Briefly, The Hole in the Zero is a tour de force of literary SF in which four characters are cast into the 'Nothing' outside space and time, where they play out their conflicts in a series of incarnations into a diverse set of different realities. The subject of Dr Johnson brought the book back to mind, since it has an episode in which its character Paradine, in one such reality, becomes a Frankenstein-like magus who creates an artificial man clearly modelled on Dr Johnson.
The carved eyelids blinked and opened and wrinkled up as the eyes peered out shortsightedly on upon the world. The figure sneezed enormously and sat up. He draped over its shoulders a loose white robe and led it gently to a chair, where it sat like an ancient emperor, with its vast swathed body and its noble flawed face. He held a glass of cordial to its lips; it took the glass from him, swallowed it down, and sighed appreciatively.
"Claret," it said in a voice like the echo of thunder, "is the liquor for boys, port for men, but he who aspires to be a hero must drink brandy."
"What am I to call you?" said Paradine.
"John Samuelson," said the figure firmly.
"You are now alive, John Samuelson. Does it give you pleasure to be alive?"
"To talk is good and to laugh is good," said the figure, holding out its glass to be replenished. "A tavern-chair is the throne of human felicity."
"Then what is the purpose of life?"
The figure rolled about in distress, and the seamed face crumpled. "The whole of life ... is ... but keeping away the thoughts .. of death."
"Is there no choice?"
"Nature sets her gifts on the right hand and on the left," said the figure more calmly.
"Are not all things possible to the mind?"
"We may take our fancy for our companion but we must let reason be our guide. All power of fancy over reason is a degree of insanity."
"By what then will you rule your life?"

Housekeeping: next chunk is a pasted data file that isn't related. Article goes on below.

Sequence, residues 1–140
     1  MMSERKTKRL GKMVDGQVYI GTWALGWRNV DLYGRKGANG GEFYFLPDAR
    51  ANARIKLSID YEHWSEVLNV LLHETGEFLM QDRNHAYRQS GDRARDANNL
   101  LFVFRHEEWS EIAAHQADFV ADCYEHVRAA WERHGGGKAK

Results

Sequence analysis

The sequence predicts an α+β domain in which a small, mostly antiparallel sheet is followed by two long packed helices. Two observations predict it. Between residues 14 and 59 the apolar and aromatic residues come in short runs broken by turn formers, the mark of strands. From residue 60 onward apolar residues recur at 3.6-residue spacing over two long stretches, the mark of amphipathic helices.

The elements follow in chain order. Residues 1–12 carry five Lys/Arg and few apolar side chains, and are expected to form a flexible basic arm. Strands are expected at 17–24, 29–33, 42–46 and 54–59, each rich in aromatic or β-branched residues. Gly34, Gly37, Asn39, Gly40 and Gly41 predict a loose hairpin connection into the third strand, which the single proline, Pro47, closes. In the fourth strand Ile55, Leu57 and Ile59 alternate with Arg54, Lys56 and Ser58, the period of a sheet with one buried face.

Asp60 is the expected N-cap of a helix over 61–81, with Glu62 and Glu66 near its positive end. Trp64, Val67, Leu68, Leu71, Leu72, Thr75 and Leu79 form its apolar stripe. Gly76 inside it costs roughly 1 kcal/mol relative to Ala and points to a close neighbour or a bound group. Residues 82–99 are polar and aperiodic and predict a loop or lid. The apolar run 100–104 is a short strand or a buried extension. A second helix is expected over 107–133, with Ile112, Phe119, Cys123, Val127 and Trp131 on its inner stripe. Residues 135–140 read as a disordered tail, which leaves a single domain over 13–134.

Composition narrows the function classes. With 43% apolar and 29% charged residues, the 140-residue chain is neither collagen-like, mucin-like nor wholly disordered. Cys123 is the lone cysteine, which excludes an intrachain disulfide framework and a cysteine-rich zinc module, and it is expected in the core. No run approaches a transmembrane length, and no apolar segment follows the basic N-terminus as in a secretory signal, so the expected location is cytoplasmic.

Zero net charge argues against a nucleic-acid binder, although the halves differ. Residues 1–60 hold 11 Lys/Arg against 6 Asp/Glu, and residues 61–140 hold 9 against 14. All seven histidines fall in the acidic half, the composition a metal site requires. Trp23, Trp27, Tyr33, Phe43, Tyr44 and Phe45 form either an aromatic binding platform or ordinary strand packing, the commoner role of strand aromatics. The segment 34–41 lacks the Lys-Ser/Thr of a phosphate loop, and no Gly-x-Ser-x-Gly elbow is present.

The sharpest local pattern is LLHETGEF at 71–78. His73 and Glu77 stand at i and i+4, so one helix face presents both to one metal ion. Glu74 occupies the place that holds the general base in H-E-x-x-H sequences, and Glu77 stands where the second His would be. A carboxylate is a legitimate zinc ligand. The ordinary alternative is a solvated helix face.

The figure started to its feet and its voice rolled out in full thunder. "Give me something to desire," it shouted, staring with blank eyes to the east, suddenly cold and rigid, a heroic statue eroded by the ages.
All of the creature's words are Johnson quotations, and this poignant vignette of his enthusiasms and torments is one of many literary allusions in The Hole in the Zero.
This particular section of the book has many layers, drawing on the Frankenstein mythos even deeper than the basic scenario of Paradine animating his creation on a slab. Paradine's laboratory also contains a set of homunculi, little figures with single strong personality traits
He passed slowly along the bench where stood his first tentatives, the tiny homunculi, some dreaming, some frenziedly active, in their warm prisons of glass. They were the toys of his youth, childish but lovable - the musician-prince with his little tinkling harp; the spider-woman who had eaten her mate; the idiot-girl, bald and yellow; the spangled juggler perpetually whirling his indian-clubs; the knight, like a small iron statue; the duchess making eyes at the tattered beggar inthe next jar; the sleep-walker; the washerwoman; the siamese-twins; the black boxer sparring with his own shadow; the girl who sang perpetually on one note amid the shining golden waterfall of her own hair.
These are very similar to the jarred homunculi created by Dr Pretorius 1 in the film The Bride of Frankenstein: a king, a queen, an Archbishop, the Devil, and a little ballerina who "won't dance to anything but Mendelssohn's Spring Song and it gets so monotonous". The allusion appears self-referential too, in that in The Hole in the Zero, the main characters are similarly forced to play out scenarios shaped by the fixtures of their individual personalities. Some of Paradine's homunculi are also applicable to the characters themselves. Anyhow, for context, see The Hole in the Zero.
1. The above Dr Pretorius tribute site says "One wonders where Dr. Pretorius got the little costumes-the crown, capes, tutus and ballet slippers. Did he sew them himself? Is the good doctor a closet fashion designer?" Probably the author, Elizabeth Stein, is having an in-joke here: the actor playing Pretorius, the excellent Ernest Thesiger, was an expert in needlepoint, and even wrote a book on the subject, Adventures in Embroidery.
Addendum: see also The Time of Achamoth.